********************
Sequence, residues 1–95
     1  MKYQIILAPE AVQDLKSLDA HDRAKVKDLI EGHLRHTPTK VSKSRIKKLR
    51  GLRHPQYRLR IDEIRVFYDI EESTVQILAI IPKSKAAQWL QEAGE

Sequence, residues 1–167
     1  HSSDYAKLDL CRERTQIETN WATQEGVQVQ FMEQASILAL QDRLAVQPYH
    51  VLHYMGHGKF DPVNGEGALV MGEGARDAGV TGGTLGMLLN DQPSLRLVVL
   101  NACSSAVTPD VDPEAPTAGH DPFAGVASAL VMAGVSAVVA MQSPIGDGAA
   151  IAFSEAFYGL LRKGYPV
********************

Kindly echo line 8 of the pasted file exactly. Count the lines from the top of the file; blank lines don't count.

   151  IAFSEAFYGL LRKGYPV